Worried That Sleep Training Might Harm Your Bond With Your Baby?

Attachment Parenting And Baby Sleep Training

Worried that sleep training might harm your bond with your baby? It’s a common concern, and I felt the same way. But the truth is, it’s unlikely to harm your bond. Let’s break down why many parents successfully teach their babies to sleep without compromising their close relationship.

First, it’s important to differentiate between Attachment Parenting and Secure Attachment. Attachment Parenting involves constant closeness with your child—like co-sleeping and baby-wearing.

Secure Attachment, based on psychological research, focuses on building trust and understanding between caregivers and children.

Secure attachment develops through daily interactions, both verbal and non-verbal. Now, does sleep training disrupt secure attachment?

Let’s consider what sleep training really means. I prefer the term “sleep teaching” because we’re teaching, not training. It involves stopping familiar sleep habits, like nursing or rocking, so your child can learn to sleep independently. This approach, particularly using the Gentle sleep method, relies on five key pillars:

  1. Understanding Sleep Habits: Recognising that the urge to sleep is biological, but how we sleep is learned.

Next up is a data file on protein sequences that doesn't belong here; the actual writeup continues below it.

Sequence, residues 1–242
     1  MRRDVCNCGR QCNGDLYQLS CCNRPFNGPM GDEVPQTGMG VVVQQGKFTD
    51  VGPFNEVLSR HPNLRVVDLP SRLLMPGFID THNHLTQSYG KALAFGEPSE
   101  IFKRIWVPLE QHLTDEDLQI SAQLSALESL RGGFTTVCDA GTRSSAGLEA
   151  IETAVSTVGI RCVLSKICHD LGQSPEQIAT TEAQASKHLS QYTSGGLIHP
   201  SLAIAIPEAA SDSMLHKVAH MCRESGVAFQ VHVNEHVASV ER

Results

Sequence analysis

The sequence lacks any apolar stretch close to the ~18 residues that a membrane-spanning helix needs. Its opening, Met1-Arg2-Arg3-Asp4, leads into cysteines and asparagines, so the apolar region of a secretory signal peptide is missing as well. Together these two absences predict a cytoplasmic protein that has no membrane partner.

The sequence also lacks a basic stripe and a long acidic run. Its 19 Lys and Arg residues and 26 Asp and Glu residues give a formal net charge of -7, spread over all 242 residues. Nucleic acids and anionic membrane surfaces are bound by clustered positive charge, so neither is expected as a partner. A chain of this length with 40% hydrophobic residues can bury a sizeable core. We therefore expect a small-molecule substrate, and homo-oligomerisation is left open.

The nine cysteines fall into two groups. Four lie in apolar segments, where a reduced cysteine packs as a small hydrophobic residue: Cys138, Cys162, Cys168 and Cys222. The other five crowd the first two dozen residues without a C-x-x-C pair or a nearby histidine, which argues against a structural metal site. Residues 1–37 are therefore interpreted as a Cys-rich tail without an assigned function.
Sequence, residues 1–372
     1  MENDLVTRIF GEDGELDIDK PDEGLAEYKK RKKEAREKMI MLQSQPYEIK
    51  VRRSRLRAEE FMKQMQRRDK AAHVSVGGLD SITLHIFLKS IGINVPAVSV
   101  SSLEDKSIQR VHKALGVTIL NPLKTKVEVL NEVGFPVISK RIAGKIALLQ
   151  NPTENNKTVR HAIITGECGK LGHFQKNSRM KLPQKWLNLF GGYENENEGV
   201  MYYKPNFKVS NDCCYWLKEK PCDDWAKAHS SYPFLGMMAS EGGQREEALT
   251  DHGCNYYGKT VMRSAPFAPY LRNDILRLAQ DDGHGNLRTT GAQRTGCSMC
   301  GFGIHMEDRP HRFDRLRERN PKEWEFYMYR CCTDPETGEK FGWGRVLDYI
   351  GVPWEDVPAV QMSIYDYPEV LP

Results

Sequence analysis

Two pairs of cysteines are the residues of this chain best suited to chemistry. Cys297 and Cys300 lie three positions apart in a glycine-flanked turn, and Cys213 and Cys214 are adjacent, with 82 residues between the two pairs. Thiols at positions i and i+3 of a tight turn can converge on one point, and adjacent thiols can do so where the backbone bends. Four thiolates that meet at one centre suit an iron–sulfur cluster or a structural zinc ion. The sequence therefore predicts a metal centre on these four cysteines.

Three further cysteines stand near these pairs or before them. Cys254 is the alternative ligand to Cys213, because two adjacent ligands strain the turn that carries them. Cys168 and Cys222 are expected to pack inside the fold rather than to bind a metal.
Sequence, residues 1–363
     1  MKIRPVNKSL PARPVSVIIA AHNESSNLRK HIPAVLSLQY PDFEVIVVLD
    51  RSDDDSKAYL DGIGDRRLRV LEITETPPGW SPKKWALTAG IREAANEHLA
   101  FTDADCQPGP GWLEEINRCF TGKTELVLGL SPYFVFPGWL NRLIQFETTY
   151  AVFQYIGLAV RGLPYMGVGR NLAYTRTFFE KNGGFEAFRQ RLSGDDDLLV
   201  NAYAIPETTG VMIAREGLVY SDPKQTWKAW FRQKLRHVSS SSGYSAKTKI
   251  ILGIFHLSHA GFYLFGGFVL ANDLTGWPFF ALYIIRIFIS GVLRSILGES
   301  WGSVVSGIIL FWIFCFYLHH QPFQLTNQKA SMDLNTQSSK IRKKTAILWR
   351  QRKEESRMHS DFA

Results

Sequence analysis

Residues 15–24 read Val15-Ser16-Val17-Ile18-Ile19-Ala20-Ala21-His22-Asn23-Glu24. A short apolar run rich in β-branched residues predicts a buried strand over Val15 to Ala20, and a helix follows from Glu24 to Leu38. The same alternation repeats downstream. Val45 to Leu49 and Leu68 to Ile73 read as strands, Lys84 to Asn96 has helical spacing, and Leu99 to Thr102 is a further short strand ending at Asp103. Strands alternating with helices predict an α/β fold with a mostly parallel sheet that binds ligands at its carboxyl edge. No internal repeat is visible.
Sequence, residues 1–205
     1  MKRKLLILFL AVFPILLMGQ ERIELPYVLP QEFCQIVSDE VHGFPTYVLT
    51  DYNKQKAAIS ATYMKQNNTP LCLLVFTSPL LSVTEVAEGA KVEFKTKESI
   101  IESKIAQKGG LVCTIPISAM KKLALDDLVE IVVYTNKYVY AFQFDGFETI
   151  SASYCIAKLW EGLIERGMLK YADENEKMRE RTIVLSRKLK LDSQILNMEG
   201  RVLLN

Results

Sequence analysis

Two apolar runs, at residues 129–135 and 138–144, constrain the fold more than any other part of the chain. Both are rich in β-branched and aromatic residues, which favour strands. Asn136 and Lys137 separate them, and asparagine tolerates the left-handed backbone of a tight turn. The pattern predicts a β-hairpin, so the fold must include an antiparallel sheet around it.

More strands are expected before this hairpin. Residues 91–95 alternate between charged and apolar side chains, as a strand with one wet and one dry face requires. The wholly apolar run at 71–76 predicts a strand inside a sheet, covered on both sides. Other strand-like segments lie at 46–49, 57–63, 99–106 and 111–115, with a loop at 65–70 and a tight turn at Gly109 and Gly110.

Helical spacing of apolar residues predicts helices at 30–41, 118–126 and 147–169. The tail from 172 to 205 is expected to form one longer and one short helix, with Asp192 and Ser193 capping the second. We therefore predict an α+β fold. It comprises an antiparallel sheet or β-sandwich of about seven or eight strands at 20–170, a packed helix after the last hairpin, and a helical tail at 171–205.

2. Timely Sleep: Understanding that the timing of sleep, based on the child’s age, affects their ability to fall asleep.
  3. Intentional Feeding:Using food for fuel rather than soothing, and strategically placing calories during the day for better sleep.
  4. Consistent Messaging: Providing a consistent message about sleep methods so your child knows what to expect.
  5. Responsive Parenting: Addressing your child’s cries during sleep teaching with gentle methods that prioritise reassurance.

Gentle sleep teaching methods include sitting beside your child for reassurance or interval checks, acknowledging their needs without being physically present.

Crying during sleep training comes from frustration, not abandonment. In my experience, teaching your baby to sleep often strengthens your bond. A well-rested and less fussy child makes you more attuned to their needs, deepening your bond.

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